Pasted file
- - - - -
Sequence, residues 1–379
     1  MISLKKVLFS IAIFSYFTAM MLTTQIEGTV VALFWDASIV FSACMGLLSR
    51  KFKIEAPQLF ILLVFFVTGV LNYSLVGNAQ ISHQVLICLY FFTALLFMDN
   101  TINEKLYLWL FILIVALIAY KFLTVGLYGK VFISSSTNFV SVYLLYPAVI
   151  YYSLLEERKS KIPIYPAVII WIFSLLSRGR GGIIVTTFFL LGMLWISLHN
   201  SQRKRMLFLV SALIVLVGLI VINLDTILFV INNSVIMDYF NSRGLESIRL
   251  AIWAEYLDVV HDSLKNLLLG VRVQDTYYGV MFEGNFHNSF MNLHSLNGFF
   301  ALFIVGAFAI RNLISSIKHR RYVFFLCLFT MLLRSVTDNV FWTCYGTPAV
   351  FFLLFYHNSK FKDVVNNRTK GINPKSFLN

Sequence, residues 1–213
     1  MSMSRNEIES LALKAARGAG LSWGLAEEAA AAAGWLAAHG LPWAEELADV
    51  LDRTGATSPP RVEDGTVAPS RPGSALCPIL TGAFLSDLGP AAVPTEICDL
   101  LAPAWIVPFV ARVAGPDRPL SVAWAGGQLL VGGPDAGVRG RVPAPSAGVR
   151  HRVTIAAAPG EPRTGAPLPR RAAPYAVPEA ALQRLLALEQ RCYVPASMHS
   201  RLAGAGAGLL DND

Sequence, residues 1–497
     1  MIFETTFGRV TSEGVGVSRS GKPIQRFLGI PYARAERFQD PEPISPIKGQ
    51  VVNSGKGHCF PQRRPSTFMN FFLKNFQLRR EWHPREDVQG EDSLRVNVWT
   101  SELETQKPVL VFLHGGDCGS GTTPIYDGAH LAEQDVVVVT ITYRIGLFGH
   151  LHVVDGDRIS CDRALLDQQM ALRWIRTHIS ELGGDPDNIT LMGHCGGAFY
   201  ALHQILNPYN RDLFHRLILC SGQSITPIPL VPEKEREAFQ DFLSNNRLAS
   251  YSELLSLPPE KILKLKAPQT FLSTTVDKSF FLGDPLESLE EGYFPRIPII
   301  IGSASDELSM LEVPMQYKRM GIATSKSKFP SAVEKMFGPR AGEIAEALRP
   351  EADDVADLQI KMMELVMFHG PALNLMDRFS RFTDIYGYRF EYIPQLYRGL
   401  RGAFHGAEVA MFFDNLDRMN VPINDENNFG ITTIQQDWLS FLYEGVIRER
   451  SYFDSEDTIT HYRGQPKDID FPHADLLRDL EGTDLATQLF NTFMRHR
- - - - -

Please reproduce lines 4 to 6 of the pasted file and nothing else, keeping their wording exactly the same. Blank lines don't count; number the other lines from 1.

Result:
   101  TINEKLYLWL FILIVALIAY KFLTVGLYGK VFISSSTNFV SVYLLYPAVI
   151  YYSLLEERKS KIPIYPAVII WIFSLLSRGR GGIIVTTFFL LGMLWISLHN
   201  SQRKRMLFLV SALIVLVGLI VINLDTILFV INNSVIMDYF NSRGLESIRL